The California Earthquake Authority – a publicly managed, privately funded, state residual market entity – was established in the wake of the 1994 Northridge earthquake. That earthquake measured 6.7 on the Richter scale, killed 60 people, destroyed thousands of homes, businesses and apartment complexes, and is, to date, still the costliest quake that California has experienced.
Insurers had dramatically underestimated their exposure to a Northridge-like earthquake. The insured loss in Northridge was more than four times the $3.5 billion in earthquake premiums collected by all earthquake insurers in California from 1969 through 1994.
Because California law requires insurers that sell homeowners insurance to also offer earthquake insurance, insurance companies’ response to Northridge was to attempt to reduce their earthquake exposure by restricting the sale of new homeowners policies. Insurers representing more than 93 percent of the homeowners market either reduced their sales of new policies or stopped writing entirely. Lenders, builders and realtors started to howl in economic pain. A state residual market entity, though controversial, was deemed necessary because of the problems caused by Northridge’s effect on the homeowners insurance industry.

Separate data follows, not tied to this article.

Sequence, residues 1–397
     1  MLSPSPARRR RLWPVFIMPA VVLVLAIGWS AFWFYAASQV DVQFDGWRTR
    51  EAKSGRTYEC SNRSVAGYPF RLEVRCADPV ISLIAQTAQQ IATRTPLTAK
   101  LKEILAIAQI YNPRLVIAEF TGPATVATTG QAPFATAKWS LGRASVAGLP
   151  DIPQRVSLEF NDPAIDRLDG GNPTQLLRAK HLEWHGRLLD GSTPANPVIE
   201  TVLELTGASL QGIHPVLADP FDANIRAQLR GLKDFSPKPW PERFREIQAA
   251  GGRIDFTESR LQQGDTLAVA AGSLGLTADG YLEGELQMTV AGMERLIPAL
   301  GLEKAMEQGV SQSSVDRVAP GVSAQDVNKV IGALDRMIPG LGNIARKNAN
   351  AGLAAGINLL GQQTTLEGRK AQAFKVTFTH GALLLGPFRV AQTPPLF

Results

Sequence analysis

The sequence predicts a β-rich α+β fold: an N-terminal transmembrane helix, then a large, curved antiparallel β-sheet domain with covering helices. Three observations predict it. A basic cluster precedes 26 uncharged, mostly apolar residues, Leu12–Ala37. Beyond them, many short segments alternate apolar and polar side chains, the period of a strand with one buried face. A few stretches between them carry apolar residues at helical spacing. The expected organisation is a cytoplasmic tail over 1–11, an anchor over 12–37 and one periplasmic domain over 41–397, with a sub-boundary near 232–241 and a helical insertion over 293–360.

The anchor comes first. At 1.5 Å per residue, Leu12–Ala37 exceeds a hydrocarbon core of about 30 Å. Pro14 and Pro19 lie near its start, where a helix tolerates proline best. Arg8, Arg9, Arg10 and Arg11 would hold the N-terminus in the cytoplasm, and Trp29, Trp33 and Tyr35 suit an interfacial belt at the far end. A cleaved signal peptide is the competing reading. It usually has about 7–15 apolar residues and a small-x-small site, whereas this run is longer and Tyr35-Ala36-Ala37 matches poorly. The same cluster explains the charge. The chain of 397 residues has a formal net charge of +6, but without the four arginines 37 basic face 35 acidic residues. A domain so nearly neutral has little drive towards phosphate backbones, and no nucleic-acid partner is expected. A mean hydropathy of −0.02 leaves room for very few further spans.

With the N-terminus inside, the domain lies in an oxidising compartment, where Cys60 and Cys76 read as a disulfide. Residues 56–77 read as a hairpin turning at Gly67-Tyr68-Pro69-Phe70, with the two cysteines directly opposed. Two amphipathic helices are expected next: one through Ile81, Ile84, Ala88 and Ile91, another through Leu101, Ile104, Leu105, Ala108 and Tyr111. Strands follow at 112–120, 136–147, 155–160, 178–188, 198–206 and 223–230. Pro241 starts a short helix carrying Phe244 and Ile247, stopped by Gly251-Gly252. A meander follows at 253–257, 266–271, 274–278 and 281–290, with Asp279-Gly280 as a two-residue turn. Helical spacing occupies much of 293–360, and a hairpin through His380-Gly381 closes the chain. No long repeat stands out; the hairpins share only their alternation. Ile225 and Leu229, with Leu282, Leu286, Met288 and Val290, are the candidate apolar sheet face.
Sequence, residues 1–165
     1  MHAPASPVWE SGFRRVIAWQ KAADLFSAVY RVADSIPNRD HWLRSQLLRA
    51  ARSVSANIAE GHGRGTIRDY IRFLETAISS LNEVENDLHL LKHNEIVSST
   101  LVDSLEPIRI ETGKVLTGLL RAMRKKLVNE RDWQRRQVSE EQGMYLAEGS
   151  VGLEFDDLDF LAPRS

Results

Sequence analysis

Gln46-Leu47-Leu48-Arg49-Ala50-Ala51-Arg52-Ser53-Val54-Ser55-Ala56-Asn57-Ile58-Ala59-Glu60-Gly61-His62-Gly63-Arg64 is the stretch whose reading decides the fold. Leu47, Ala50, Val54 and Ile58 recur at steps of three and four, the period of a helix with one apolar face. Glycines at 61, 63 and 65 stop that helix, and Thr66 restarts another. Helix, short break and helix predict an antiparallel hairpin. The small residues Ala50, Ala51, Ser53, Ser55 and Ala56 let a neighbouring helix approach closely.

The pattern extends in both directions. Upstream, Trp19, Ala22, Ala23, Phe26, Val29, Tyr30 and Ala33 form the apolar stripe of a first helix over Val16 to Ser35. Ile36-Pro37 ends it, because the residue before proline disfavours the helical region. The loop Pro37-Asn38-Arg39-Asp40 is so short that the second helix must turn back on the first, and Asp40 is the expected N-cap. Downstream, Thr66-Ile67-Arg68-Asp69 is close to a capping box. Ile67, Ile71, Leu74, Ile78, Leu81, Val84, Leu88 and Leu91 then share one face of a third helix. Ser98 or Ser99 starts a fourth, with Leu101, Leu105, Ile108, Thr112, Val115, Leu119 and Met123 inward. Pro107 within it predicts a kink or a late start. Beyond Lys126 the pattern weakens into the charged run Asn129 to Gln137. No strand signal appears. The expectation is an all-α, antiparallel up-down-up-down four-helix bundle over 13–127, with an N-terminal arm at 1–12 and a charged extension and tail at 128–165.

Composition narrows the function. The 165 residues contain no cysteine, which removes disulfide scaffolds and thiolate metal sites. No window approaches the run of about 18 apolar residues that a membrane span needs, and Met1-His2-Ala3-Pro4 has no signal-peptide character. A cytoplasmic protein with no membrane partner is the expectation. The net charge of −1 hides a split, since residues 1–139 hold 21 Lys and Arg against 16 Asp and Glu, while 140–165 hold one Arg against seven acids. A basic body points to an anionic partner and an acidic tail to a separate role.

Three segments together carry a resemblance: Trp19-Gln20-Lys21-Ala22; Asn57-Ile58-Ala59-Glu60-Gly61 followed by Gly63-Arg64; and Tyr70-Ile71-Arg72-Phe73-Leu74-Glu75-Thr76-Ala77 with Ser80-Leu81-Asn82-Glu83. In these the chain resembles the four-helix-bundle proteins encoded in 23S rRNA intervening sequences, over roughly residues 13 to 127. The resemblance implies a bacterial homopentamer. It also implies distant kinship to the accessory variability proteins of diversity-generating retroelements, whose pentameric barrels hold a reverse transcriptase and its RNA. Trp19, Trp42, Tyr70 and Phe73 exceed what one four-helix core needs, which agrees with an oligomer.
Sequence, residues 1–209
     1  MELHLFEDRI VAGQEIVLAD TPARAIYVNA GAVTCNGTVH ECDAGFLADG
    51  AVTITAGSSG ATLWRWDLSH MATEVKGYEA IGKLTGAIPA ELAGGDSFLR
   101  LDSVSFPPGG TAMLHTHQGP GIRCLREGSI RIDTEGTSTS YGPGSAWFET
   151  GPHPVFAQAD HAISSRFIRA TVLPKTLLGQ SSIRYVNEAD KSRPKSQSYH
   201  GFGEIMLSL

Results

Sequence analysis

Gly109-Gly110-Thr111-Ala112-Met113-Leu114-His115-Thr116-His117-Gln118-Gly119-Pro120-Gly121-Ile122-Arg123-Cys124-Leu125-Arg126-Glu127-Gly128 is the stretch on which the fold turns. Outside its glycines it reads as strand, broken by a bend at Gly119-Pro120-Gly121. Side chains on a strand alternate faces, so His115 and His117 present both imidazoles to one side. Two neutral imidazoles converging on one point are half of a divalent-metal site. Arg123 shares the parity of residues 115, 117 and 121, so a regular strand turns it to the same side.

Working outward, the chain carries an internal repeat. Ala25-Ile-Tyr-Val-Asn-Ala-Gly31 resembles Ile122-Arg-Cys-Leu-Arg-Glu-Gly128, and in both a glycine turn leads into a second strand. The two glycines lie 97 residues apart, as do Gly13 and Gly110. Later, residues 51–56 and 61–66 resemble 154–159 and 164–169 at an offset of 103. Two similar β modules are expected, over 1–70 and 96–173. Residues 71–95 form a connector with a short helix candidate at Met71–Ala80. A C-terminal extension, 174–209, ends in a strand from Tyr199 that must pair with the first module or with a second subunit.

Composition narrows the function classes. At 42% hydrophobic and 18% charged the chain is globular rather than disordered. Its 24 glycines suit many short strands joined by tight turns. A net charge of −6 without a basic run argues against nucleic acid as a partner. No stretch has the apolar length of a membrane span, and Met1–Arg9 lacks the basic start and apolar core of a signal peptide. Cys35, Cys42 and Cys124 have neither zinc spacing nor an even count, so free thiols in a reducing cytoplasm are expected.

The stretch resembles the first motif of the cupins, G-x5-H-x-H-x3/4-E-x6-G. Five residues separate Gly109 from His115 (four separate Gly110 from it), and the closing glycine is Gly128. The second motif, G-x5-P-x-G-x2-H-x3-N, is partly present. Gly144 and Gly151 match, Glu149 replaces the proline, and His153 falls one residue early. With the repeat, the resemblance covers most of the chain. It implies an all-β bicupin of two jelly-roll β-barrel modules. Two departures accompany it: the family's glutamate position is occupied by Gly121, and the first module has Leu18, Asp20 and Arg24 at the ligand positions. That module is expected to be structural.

Over time, the animating rationale undergirding the genesis of the CEA has changed. Just what was “the problem” that policymakers were seeking to address?
It is often assumed that the CEA was created to increase earthquake coverage, which is a reasonable assumption, given that the Northridge quake preceded the CEA’s creation. However reasonable, that assumption is wrong. Floor analysis from the time makes clear that the CEA was created in an effort to ensure that homeowners insurance remained available, in spite of the specter of seismic catastrophe.
To wit, the CEA’s primary function is not as a guarantor against earthquakes, but rather as a stabilization mechanism in the homeowners insurance market. Expanding the number of Californians with earthquake coverage is an ancillary benefit.